The bank also called on all euro-area governments to follow through on the measures agreed in July, including allowing the European Financial Stability Facility to buy bonds on the secondary market.

ECB’s Shift

“It is on the basis of the above assessments that the ECB will actively implement its Securities Markets Program,” the central bank said after the phone discussion.

“The ECB is now in for the long haul and will potentially have to buy up to half of the Italian and Spanish traded debt, the biggest risk-pulling effort ever engineered in Europe,” said Jacques Cailloux, chief European economist at Royal Bank of Scotland in London.

Sovereign investors from Europe to Asia expressed confidence in U.S. government debt after the S&P decision.

Japan, the second-largest international investor in American government debt, sees no problem with trust in the securities, a Japanese government official said on condition of anonymity two days ago after the S&P decision.

Japan’s efforts to weaken the yen may boost its need to purchase Treasuries, after the nation’s authorities mounted the third round of yen sales since September last week. Vice Finance Minister Fumihiko Igarashi said over the weekend that the government is ready to intervene again.

Russia’s View

Russia considers U.S. debt reliable and won’t review its policy of investing in the country, Deputy Finance Minister Sergei Storchak said after the U.S. downgrade. The cut “can be ignored” for long-term investment strategy, he said. Russia, a Group of 20 member, is one of the 10 largest foreign holders of U.S. government debt.

G-20 finance chiefs said in a separate statement that members will take “all necessary initiatives in a coordinated way” to support financial stability and growth.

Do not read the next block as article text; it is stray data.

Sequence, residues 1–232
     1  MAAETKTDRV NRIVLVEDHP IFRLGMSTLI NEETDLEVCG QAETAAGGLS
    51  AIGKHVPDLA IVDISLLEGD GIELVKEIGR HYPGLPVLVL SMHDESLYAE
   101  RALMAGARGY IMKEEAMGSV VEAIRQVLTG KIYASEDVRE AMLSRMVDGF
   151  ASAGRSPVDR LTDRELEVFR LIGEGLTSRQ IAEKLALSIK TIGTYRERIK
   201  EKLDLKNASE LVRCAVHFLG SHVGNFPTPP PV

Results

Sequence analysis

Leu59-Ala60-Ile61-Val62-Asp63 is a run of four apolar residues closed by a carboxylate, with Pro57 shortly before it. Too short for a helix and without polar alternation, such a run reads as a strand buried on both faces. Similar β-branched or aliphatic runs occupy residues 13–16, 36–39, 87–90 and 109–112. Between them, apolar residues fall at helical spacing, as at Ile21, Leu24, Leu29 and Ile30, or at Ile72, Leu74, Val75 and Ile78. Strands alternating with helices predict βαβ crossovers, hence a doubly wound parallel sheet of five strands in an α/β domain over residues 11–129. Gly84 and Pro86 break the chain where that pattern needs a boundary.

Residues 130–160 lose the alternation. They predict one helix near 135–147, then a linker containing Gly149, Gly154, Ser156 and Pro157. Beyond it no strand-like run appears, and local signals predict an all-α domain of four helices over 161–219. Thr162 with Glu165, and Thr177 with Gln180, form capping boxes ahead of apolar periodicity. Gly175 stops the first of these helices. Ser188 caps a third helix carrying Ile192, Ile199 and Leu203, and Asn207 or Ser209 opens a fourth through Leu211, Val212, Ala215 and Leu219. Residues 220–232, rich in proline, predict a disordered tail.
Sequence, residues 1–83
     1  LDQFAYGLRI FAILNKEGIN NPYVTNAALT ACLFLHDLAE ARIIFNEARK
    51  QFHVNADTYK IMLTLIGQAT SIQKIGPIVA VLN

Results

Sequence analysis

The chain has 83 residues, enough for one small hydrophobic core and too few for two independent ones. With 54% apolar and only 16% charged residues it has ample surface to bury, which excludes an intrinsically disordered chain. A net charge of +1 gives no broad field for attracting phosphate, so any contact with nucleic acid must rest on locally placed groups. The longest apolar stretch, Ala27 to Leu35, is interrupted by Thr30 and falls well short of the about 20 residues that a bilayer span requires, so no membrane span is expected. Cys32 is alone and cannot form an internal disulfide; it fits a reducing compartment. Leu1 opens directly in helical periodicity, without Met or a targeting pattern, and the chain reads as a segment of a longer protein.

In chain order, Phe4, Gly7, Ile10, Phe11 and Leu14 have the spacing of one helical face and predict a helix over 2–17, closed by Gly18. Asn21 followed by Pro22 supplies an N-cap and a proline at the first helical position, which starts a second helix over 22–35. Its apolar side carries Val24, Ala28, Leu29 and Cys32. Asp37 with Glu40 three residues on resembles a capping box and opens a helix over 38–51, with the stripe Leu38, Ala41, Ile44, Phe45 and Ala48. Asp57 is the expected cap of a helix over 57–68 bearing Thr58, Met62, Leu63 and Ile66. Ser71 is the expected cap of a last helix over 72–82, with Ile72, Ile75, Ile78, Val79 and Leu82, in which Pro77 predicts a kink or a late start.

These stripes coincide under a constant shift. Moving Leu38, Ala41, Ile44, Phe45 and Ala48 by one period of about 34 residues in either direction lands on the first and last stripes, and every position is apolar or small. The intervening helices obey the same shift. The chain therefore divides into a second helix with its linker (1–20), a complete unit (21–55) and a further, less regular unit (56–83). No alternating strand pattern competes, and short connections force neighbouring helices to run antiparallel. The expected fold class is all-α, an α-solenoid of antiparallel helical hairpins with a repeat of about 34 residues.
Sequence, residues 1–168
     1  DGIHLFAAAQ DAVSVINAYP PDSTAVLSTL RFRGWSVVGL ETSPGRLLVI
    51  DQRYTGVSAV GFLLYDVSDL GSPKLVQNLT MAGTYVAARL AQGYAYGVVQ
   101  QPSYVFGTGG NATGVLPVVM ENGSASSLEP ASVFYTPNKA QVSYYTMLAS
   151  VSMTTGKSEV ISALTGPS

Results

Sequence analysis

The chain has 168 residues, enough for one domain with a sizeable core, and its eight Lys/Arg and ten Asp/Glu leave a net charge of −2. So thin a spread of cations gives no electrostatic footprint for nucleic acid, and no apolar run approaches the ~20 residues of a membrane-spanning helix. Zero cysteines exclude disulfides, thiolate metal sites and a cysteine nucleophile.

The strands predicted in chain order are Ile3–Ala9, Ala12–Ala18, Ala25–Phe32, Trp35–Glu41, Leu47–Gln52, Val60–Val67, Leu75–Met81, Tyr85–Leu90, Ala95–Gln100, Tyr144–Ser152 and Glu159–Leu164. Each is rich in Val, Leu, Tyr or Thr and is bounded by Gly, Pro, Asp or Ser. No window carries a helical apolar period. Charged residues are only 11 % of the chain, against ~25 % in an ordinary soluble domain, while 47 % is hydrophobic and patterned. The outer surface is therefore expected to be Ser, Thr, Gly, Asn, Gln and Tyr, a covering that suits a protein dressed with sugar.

The U.S. Treasury Department said the S&P move was flawed by putting discretionary spending levels at $2 trillion higher than the Congressional Budget Office estimates. S&P responded that its judgment wasn’t meaningfully affected by such spending figures.

Debt Impasse

The S&P move went further than Moody’s Investors Service and Fitch Ratings, which affirmed their AAA credit ratings for the U.S. on Aug. 2, the day U.S. President Barack Obama signed a bill that ended the debt-ceiling impasse that had pushed the country to the edge of default. Moody’s and Fitch both said that downgrades were possible if lawmakers fail to enact debt reduction measures and the economy weakens.

“We can ask why this agency took this decision based on figures that are not consensual,” French Finance Minister Francois Baroin said in an interview on RTL Radio yesterday. “There will be a debate in the U.S. about this decision. It’s one out of three agencies. It’s only one element.”

S&P currently gives 18 sovereign entities its top ranking, including Australia, Hong Kong and the Isle of Man, according to a July report. The U.K. which is estimated to have debt-to-GDP this year of 80 percent, 6 percentage points higher than the U.S., also has the top credit grade. In contrast with the U.S., its net public debt is forecast to decline either before or by 2015, S&P said in yesterday’s statement.

Confidence Hit

New Zealand is the only country other than the U.S. that has an AA+ rating from S&P and an Aaa grade from Moody’s. Belgium has an equivalent AA+ grade from S&P, Moody’s and Fitch.

The debt downgrade and market slide are bound to hit the confidence of American consumers, said Mark Spindel, chief investment officer at Potomac River Capital, which manages $300 million in Washington.

“This is an upper-cut to confidence at the worst possible moment,” Spindel said before the G-7 announcement. “The downgrade mattered less. It is the path we have taken to get here: the meager recovery, the dysfunctional political environment, and the pathetic growth in employment, consumption and income that don’t seem to be moving back to sustainable levels.”

Confidence among consumers, whose spending accounts for 70 percent of the U.S. economy, fell to the lowest level in two years in July, a survey from Thomson Reuters/University of Michigan showed. The reached 63.7, the weakest since March 2009, when the economy contracted at a 6.7 percent annual rate.

Blackbaud Inc., a Charleston, South Carolina-based software company, and Blue Nile Inc., a Seattle-based online jewelry-retailer, both mentioned declining consumer confidence in earnings conference calls last week.